I have just finished editing a book that I hope to be a huge seller. I mean, I always hope they do well, but this one in particular hooked me. It wasn't so much the story, which is terrific, unpredictable, and sometimes a bit depressing; it was more the writing team with whom I worked. You see, Nathan and Derek Howe are two of the most endearing writers I've met.
They have gained my utmost respect for a few reasons. I won't go into the hows and the whys now; I'll save that for a future post. Just know that they, and their new novel, Aiden, have wheedled their way into my heart. And I've invited Nathan to join us today to tell us about his experience writing with his brother. He'll tell you . . . after you check out this cool cover:
|Buy Aiden for Kindle on Amazon.com|
Writing is generally a solitary art, and for me this is mostly true. I sit at home with headphones on, listening to music, blocking the world out. However, I don’t write alone; I co-write with my brother Derek. We’ve both tried to write stories on our own but never made it past a few chapters (in my brother's case, never made it past the first page). We both love to read and always wanted to write a book, but neither of us actually thought we'd finish one.
About a year and a half ago, my brother came up with an idea that I really liked. He comes up with ideas for books all the time, some good, some bad, and some just weird. The idea he came up with stuck with me this time. As soon as he said it, I could see a story form in my head. I knew what I wanted to do with it. So as soon as I could, I wrote the first chapter. I sent it to him to see if he liked it. He made some edits, added some lines, and sent it back to me. Later we talked about the book and where I was planning to go with it. It wasn’t long before we were both knee deep in the book writing.
A lot of people seem to have trouble writing with others; one seems to do all the work or they just fight over how they want the story to go. We’ve never had that problem, well maybe a little fight here and there, but nothing too serious.
The reason co-writing works so well with us is we can play off of each other’s strengths and weaknesses. Derek is good at coming up with ideas and outlining. I’m good taking those ideas and outlines and putting them to paper. Because I know Derek is going to go over what I write and add what he thinks needs to be added, I gained a freedom I didn’t have before. I don’t have to worry about missing parts, or forgetting certain details, because I know Derek will find them and make it work. And if he can’t, well, we can talk about it and figure it out together.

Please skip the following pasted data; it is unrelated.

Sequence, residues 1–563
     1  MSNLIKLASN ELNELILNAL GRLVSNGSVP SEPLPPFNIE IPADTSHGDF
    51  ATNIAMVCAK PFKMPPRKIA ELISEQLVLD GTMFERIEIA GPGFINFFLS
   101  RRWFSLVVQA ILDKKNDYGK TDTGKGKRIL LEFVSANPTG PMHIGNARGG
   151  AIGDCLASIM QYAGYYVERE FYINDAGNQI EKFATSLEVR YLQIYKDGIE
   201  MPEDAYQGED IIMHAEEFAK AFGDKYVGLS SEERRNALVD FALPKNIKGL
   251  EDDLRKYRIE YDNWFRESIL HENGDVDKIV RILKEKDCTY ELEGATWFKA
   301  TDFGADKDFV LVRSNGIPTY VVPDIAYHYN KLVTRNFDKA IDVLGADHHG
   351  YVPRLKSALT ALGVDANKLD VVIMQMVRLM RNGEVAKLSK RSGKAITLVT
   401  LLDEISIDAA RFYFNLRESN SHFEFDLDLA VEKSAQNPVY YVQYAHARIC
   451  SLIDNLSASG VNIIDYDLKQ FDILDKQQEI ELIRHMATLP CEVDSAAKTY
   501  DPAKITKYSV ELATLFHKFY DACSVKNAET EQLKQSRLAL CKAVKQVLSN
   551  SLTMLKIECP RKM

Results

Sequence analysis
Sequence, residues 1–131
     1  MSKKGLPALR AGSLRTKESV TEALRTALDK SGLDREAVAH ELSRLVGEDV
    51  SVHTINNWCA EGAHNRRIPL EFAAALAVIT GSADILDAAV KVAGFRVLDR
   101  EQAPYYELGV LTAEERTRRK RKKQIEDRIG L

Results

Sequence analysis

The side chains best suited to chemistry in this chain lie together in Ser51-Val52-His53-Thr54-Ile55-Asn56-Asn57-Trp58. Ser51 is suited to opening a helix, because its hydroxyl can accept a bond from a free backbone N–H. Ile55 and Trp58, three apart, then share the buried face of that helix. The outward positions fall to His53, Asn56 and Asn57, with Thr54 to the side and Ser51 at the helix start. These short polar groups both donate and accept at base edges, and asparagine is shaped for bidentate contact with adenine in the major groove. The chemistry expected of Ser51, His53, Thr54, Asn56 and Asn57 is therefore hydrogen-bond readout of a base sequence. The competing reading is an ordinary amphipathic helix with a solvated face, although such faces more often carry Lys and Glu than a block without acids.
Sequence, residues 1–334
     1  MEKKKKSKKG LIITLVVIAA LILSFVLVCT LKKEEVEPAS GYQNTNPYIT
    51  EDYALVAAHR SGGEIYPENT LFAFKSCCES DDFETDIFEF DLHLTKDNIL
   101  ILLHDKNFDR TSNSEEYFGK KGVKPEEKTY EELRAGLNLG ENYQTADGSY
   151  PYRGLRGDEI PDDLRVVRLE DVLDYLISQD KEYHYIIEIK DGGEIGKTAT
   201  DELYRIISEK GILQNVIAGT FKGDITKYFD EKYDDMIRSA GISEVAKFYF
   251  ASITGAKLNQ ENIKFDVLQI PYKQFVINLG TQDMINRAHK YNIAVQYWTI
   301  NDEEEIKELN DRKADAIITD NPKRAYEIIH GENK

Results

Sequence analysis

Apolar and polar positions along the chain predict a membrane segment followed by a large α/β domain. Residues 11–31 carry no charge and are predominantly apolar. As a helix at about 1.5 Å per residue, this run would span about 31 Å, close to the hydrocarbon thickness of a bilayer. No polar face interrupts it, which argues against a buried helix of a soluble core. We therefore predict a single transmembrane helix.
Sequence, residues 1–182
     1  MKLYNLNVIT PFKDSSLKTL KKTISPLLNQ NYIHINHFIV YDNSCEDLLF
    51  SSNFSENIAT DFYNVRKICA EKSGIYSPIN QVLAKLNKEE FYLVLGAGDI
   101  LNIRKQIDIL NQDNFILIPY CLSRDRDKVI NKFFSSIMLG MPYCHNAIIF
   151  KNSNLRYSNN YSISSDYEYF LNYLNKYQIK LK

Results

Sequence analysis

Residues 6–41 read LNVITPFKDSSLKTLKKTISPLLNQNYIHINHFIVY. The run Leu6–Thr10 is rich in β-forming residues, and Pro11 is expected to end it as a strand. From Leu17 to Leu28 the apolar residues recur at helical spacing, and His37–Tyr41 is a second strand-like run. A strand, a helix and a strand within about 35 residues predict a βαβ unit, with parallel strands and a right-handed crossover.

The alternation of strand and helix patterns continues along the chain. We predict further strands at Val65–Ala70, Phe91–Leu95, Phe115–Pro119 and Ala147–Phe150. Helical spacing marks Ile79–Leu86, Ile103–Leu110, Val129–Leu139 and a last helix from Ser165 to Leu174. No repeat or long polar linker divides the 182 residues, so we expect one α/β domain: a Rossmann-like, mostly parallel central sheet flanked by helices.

Before, if I got stuck on something, I would give up. With my brother, I know he is there to help me. We both push each other to become better writers. In the past year we have improved a lot and plan to continue the process. That is one of the best parts: we can challenge each other to become better.
I could talk on and on about why co-writing works so well for us, but I won’t. I will give you the most important reason: we have fun. It is that simple. We love to see what the other one has added to the story and see what the other can do. If we didn’t have fun, we would have never finished Aiden.
I've talked a lot about what works for us. All the advantages we gain from working together. But not all is perfect. I mentioned it can lead to some disagreements about where, or how, parts of the story should go. But that has been rare for us. Another problem we run into is that I write a lot. At such a pace that my brother can't always keep up. At times that can be frustrating for me, and for him as well. But it can be a good thing for us, too. It allows Derek to pick my best work, my best stories, to work on.
I would like to thank Laurie for her great work on Aiden, and letting me guest blog. She put a lot into Aiden, making it a book that we are proud of, and I hope that you, the reader, will enjoy.